Question: We had a special event at school where we launched helium balloons to celebrate the start of the year. It looked pretty cool. Made me wonder how high and how far those things go. Can they get all the way to space? If not, what stops them? — CM, Paris, France
Answer: First, let me explain something about why helium balloons float. There’s a law of science called Archimedes’ Principle that applies here. Follow that link if you want to know the details, but it involves high school math and physics. Here’s the basic idea:
If a certain volume of substance X weighs less than the same volume of substance Y, then X will float in Y.
That’s why a beach ball floats in water. A beach ball full of air weighs less than a beach ball full of water. Archimedes’ Principle tells us what will float and what will sink, and it works for both liquids and gases.
Helium and air work the same way. Helium has a density (ρ) of only 0.179 kg/m3, whereas air is around 1.29 kg/m3 (sea level average). The amount of “lifting force” (technically known as buoyancy) works out to around 11 N for every cubic meter of helium. Here’s how to calculate that buoyancy:
Weight of air: FA = ρVg = (1.29 kg/m3)(1 m3)(9.8 N/kg) = 12.6 N
Weight of helium: FH = ρVg = (0.179 kg/m3)(1 m3)(9.8 N/kg) = 1.8 N
Buoyancy: FB = FA – FH = 12.6 N – 1.8 N = 10.8 N (2.4 lb)
Of course, you’d need to subtract the weight of the balloon material itself from that buoyancy, but in practice this is a small force given the types of material used (rubber, nylon, mylar).
A 1 m3 (one cubic meter) spherical balloon would have a diameter of 1.2 m — that’s a pretty big balloon. Typical toy balloons have a diameter around 0.3 m, a volume of 0.01 m3, and a buoyancy only slightly greater than their weight. Tie a longer string on it and it might not float.
As a balloon ascends into the air two things happen. First, the air density decreases the higher you go, and that decreases the buoyancy. Second, air pressure decreases the higher you go, and that allows the balloon to expand, which reduces its density and increases its buoyancy — up to limit.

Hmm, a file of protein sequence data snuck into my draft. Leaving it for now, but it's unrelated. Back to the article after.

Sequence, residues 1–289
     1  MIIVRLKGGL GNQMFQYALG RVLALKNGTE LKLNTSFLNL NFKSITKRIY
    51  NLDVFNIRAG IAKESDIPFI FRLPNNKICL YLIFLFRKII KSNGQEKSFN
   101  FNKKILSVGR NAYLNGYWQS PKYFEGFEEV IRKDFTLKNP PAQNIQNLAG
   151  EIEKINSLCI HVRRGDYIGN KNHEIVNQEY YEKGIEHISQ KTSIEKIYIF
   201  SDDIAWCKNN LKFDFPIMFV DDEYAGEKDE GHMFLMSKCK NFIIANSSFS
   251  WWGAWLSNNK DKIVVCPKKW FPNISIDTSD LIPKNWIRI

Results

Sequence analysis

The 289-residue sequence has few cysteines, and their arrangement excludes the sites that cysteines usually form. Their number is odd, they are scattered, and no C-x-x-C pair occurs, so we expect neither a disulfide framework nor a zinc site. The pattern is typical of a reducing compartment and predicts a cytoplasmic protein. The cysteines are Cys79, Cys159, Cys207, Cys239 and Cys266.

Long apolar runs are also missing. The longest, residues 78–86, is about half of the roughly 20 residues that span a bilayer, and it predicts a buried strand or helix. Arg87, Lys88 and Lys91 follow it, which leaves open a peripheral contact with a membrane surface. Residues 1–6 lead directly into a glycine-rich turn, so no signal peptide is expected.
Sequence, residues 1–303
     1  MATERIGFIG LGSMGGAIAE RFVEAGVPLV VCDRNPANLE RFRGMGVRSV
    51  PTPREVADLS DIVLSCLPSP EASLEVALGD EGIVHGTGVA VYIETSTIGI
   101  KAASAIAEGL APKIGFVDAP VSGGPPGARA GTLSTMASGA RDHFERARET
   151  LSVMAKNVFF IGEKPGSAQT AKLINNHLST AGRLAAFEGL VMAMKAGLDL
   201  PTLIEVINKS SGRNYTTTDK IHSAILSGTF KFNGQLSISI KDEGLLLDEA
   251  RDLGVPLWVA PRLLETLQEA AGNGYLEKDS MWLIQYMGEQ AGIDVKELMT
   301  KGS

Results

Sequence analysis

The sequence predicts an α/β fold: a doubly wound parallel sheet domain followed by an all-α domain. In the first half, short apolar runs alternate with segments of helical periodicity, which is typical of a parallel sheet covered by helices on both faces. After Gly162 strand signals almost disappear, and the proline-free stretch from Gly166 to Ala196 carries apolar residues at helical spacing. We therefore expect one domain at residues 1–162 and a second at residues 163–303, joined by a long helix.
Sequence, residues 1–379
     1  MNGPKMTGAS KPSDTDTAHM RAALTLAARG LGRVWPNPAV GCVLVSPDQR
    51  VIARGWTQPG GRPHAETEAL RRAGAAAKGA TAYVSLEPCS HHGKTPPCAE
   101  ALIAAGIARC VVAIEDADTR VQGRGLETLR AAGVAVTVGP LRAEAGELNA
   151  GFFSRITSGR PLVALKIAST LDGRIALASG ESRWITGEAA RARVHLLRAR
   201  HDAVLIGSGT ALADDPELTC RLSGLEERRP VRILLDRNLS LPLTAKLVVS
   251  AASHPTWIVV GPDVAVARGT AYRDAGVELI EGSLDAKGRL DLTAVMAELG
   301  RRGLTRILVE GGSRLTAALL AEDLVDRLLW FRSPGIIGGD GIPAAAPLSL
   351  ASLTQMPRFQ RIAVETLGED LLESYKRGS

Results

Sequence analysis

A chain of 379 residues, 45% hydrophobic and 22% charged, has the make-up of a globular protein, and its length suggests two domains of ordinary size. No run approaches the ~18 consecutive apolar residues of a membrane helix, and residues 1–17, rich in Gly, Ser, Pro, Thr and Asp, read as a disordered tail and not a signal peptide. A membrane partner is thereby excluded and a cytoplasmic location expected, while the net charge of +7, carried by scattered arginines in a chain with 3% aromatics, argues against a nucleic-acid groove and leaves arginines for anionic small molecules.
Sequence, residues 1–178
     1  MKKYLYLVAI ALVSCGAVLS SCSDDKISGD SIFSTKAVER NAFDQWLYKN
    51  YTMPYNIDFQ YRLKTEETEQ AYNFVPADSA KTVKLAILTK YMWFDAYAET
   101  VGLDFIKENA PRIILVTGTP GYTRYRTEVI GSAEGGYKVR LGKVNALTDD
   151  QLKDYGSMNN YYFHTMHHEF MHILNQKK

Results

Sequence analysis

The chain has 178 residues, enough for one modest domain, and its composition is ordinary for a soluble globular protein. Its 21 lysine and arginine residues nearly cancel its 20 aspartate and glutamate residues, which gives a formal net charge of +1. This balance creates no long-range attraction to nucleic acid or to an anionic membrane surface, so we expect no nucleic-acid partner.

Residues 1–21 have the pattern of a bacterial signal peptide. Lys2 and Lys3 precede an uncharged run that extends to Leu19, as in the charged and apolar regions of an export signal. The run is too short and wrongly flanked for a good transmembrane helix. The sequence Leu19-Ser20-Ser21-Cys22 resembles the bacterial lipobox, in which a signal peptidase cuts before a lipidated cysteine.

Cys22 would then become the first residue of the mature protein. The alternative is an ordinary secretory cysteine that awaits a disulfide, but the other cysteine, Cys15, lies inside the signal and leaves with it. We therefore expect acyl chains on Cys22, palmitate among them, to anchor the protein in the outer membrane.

Toy balloons would eventually burst at an altitude of around 10 km. That’s for a balloon filled with pure helium, which is rarely used in toys. Balloons you get at a party store or carnival typically contain a mixture of 50% helium and 50% regular air. They’ll still float, but helium is expensive so you only get as much as is needed for buoyancy. These balloons max out around 5 km altitude.
But most of the balloons won’t even make it that high. Most toy balloons are made from biodegradable latex. Air temperature drops with altitude at a rate of 6.5 °C (12 °F) per kilometer, and the latex becomes more brittle in the cold, so it can only stretch so far before bursting.
Unfortunately, that’s the problem with mass balloon launches. When all those balloons have floated away they’re out of sight and out of mind. But ultimately they’ll burst and become nothing more than litter. I know that balloon launches have long been used for celebrations, but there are compelling reasons for eliminating the practice.
Beyond the obvious littering problem, fragments of burst balloons are often ingested by wildlife. That causes issues in digestive systems and sometimes death. It’s related to the wider problem of plastics pollution, which I’m sure you’ve heard about in the media. Also, although it won’t hurt an aircraft to hit a balloon, if a balloon is sucked into a jet engine it could cause damage.
Not all balloons are bad. Scientific research balloons are used for purposes from weather to astronomy to resource and pollution monitoring. They’re built from different materials, can expand more before bursting, use 100% pure helium, and often reach altitudes over 30 km. The photo below shows one of these balloons preparing to launch. By the time this one reached maximum altitude it had expanded to a diameter of 114 meters.
You asked if a balloon could float all the way to space. The current record altitude of 53 km is held by BU60-1, launched in 2002 from the Sanriku Balloon Center at Ofunato City, Iwate, Japan. That’s not even close to space, which officially starts at an altitude of 100 km. No balloon could ever do that, and I hope you now understand why: Whatever material you use for the balloon, regardless of large it is, and no matter what you fill it with — it will always weigh more that the same volume of “empty space”.
Next Week in Sky Lights ⇒ Ultima Thule